In fact, Jesus too seemed to view wandering as a sign of the brokenness of the world. When a “teacher of the law” said he wanted to follow Jesus, Jesus told him, “Foxes have holes and birds of the air have nests, but the Son of Man has no place to lay his head” (Luke 9:58). The life of the sojourner, the pilgrim, the wanderer, Jesus seems to be saying, is one of hardship.

Or consider one of Jesus’s most spectacular miracles, the story of the Gerasene Demoniac, the “Man of the Tombs,” a story told in Mark 5. In this story, Jesus heals a man who had been tormented by a “legion” of demons. The man, now “clothed and in his right mind,” understandably wants to follow Jesus. In fact, Mark tells us the man “begged” to go with Jesus.

But Jesus told the man he could best serve by letting those who had seen him before see him now. So Jesus wouldn’t let the man follow him. Instead, Jesus gave the man a simple, direct, but in some ways almost heart-breaking command:

“Go home.”

Traveling for Wisdom

Gandalf famously said, “Not all who wander are lost.” He seems to be praising what we might call “purposeful travel.” On the other hand, we have this from the wise Bilbo Baggins: “It is a dangerous business, Frodo, going out on the road.”

We live in the tension between these two understandings of travel. We should avoid the temptation to reduce these reflections to dogma. “Travel is good” or “travel is bad” aren’t conclusions to which logic or experience or Scripture lead us. Indeed, travel isn’t forbidden by God, and—from time to time—God bids us: “Go.”

‘Travel is good’ or ‘travel is bad’ aren’t conclusions to which logic or experience or Scripture lead us.

Still, it seems prudent to have a healthy skepticism about the individual and cultural costs of travel. At a minimum, if we do travel, we should travel with our eyes open, not as tourists but as pilgrims, collecting wisdom and not trinkets and souvenirs.

And what’s the highest wisdom we can collect from our travels? What’s the difference between the pilgrim and the tourist? It may be this: The realization that no matter where we go in this great big world, and no matter how many people we see who look and dress and talk differently from ourselves . . . . Despite all that, we are all the same, we all bear the imago Dei, the image of God. We are all broken by the fall.

We all long for home.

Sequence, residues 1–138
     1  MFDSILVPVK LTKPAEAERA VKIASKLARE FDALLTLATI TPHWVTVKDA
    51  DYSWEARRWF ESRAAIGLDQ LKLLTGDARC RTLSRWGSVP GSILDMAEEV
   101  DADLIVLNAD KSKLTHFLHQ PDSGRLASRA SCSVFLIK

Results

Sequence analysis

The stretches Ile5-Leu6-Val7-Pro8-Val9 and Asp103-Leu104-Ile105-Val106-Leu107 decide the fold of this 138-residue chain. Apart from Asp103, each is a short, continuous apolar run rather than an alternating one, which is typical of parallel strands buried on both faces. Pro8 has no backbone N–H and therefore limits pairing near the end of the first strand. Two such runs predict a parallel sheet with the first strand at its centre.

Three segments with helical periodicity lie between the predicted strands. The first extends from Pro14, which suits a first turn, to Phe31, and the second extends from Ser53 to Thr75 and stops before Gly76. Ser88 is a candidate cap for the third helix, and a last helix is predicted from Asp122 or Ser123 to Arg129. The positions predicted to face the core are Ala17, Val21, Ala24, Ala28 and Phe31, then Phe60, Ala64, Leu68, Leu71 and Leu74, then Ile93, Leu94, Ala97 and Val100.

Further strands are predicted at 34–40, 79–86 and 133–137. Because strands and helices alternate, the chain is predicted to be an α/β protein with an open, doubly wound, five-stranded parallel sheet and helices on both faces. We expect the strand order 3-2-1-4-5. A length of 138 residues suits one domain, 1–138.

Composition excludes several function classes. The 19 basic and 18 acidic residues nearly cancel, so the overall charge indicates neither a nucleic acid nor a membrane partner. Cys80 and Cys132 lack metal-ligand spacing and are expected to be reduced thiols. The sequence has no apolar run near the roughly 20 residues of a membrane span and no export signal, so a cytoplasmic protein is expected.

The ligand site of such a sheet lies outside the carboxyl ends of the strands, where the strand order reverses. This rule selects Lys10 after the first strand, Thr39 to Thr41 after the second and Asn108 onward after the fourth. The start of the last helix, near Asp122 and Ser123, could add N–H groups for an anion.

Who First Showed David Dockery the Beauty of Jesus?

Mon, 07/22/2019 - 12:04am

My earliest memories of hearing the gospel of Jesus Christ are closely connected with the love and faithfulness of my mother. I now recognize what a blessed providence it was to grow up in a Christian home in which my father and mother believed the good news of the gospel. Moreover, they were deeply invested in the life of the church.

Years before I could read, my mother, Pansye Elizabeth Pierson Dockery, read Bible stories to me and helped me memorize verses from the King James Version of the Bible. She was to me what Lois and Eunice were to young Timothy (2 Tim. 1:5).

Baptist Tradition

I grew up in a working-class home on the western side of Birmingham, Alabama. Neither of my parents attended college, nor did their parents. My father taught me the importance of hard work. He worked long hours, six days each week. Still, we were always in church every Sunday. In fact, my name was on the cradle roll before I was even born. Sundays in our Southern Baptist home included Sunday school, morning worship, afternoon choir practice, Bible drills, Training Union, less formal church services in the evening, and then an after-church fellowship. Sundays were extremely busy days. And it didn’t stop there. Wednesdays included church suppers, prayer meetings, teachers and officers meeting, Sunbeams, Royal Ambassadors, Girls Auxiliary, committee meetings, and choir practice.

During the week, there were other church activities, sandwiched wherever they could be placed on the calendar. In so many ways, it was exhausting growing up as a Southern Baptist. My mother helped to shepherd me through these numerous activities, encouraging me to be properly prepared for each one. She made sure I read my Bible each day and studied my Sunday school lesson each week.

When I turned 9 years old, I was given a hardback Bible—a format more conducive to “sword drills,” where we learned to find passages located anywhere in the Bible, while memorizing numerous verses. My mother served as my coach and teacher. I loved those Bible drills and, with my mother’s support, I became a two-time Bible-drill champion of the entire Birmingham Association when I was 10 and 11 years old. In all of these things, my mother, who was largely self-educated, taught me precious truths that provided the foundation for the rest of my theological education: that God is love, that the Bible is true, and that Jesus saves. In addition, she introduced me to the Baptist tradition, telling me the inspirational stories of courageous Baptist missionaries.